32. Don’t you think Apple should concentrate on their core (pun intended) business? “Jack of all trades and master of none” springs to mind. Personally, I would like to see them focus more on computers. There hasn’t been any real excitement in that department for a while.

    1. I think they’ve shown a history of being able to thoughtfully move into other spaces while their core stuff doesn’t suffer.

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  34. How exactly do branded cards prey on unsophisticated consumers? It’s the merchants, not the card holders, that pay a higher rate or an extra fee when a branded card is used to make a purchase.

  35. Apple “get it”, and that’s Steve’s legacy. Siri is the game changer that opens the next battleground for tech advancement.

    There was the move from MDI and punched tape to a small timber box with a keyboard and a display (albeit a TV) that brought the computer to a broader market.

    I would argue that there was not another leap in tech until the PC (Apple and MS) went GIU.

    In the phone world Nokia ruled, an guys like RIM and MS made a few dents that market. When Apple entered the room, the game changed.

    Apple (Steve) was the catalyst 2, maybe 3 out of 3 times. They did not so much change the tools we use to do what we do, they changed the way we interface with them.

    This Siri thing looks like it’s the next big step. It could change forever the way we interface with machines at a fundamental level.

    Until we can imbed or invent something that reads minds, this is where the action is.

    It’s early days, but bring it on!

  36. Can someone just make an AirPlay car stereo please? I’m sick to friggin death of cables and FM transmitters like it’s 1995…

    Please make it with no visible interface what-so-ever, all user interaction via the iDevice (and Siri when actually driving).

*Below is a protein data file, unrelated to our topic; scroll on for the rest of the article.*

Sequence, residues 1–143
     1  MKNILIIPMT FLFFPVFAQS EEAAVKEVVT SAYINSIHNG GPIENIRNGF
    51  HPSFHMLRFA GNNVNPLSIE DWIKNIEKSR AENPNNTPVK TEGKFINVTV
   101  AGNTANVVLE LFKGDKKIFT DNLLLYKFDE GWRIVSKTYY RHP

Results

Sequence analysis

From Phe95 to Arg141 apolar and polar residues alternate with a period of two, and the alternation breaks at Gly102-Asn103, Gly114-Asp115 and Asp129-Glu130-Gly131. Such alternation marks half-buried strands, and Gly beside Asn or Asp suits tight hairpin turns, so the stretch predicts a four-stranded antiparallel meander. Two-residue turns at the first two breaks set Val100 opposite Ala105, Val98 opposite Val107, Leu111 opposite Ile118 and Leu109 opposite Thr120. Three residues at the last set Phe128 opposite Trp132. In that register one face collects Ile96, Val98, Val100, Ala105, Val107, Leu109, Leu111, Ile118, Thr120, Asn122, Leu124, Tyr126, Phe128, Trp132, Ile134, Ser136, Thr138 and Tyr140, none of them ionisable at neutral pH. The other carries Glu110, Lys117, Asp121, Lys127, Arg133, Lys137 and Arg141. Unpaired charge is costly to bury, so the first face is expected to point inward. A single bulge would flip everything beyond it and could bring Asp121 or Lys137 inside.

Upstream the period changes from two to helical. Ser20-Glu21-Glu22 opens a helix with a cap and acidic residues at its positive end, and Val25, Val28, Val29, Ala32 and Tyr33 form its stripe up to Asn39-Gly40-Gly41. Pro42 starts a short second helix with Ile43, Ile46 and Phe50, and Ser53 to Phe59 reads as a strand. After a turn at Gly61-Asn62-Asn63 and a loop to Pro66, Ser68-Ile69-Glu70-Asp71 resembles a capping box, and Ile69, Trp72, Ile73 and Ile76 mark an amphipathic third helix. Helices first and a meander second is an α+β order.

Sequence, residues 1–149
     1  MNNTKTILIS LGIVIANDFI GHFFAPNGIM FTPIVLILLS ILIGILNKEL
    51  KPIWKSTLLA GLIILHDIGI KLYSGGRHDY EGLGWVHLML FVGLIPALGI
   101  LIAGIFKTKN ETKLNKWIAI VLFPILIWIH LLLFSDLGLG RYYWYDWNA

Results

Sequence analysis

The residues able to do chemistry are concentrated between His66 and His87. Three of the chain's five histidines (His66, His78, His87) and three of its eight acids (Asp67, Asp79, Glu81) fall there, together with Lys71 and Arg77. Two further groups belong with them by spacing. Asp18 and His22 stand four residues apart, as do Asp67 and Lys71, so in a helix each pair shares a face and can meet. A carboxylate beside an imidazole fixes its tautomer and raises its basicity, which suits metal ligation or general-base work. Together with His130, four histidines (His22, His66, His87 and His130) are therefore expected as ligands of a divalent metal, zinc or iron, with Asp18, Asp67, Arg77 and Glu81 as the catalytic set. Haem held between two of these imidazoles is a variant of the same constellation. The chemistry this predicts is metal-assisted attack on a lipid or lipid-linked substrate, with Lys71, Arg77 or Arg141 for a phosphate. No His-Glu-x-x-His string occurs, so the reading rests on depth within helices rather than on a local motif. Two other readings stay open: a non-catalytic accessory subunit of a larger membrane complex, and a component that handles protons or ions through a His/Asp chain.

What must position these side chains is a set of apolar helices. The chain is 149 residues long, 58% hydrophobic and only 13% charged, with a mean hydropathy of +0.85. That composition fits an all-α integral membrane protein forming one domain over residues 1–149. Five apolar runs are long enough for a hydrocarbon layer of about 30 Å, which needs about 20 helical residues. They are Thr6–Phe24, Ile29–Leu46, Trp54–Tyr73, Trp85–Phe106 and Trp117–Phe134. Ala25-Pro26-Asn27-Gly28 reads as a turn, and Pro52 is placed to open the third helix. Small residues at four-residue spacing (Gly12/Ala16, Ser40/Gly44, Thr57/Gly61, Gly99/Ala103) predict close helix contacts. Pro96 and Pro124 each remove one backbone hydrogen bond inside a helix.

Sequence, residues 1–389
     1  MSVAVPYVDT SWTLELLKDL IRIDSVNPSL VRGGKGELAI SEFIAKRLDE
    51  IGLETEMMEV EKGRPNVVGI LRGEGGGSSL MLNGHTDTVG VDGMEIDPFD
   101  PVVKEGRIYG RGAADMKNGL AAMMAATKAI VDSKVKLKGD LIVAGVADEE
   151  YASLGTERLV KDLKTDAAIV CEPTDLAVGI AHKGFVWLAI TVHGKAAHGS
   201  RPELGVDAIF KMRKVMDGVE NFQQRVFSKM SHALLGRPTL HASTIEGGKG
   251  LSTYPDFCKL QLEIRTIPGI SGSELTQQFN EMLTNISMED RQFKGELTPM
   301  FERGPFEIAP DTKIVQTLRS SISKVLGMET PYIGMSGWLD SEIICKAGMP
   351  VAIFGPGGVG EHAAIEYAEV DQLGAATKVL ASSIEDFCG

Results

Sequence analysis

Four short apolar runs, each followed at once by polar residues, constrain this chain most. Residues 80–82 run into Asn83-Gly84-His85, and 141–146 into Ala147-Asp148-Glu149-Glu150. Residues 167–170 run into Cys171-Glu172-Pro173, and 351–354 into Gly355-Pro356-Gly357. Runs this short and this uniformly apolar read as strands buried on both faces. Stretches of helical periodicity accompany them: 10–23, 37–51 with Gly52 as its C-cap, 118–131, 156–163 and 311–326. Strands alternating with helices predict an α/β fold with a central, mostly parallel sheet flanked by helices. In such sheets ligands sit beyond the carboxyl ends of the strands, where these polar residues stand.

Call it the iCar :)

  37. BMW already has great integration with the iPad. Agree 100% that I rather put my IPad on the dashboard than use any car stereo.

    SIRI is the future, voice activated computing like in 2001 Space Odyssey.

  38. Matt,

    The one thing Apple needs is a vision caster. They have always had some of the best developers. And they have always had great ideas. They have held customer loyalty and employee loyalty.

    But, if they lose vision again …. I like my apple air. And I would love a world with fewer technical problems to fix.

    So, I hope they don’t lose focus.

  39. Sometimes losing focus is the only way we spring to new heights of ingenuity. I saw something a couple weeks ago on GoodMorningAmerica. The guy who designed the iPod, was mid-construction of his new home. Not only could he find a decent user friendly thermostat to install, but he was further frustrated at his own lack of creative vision for “yet another” generation. He suddenly came upon an novel, and super-slick thermostat using smart-tech, and he integrated X-Bee, so that the cool new smart thermostat as it hangs on the wall lights up when you touch it and rotate its smartsceen, but it can also be controlled remotely because of the X-Bee shields he integrated…way cool therapy for the proverbial writers’ block…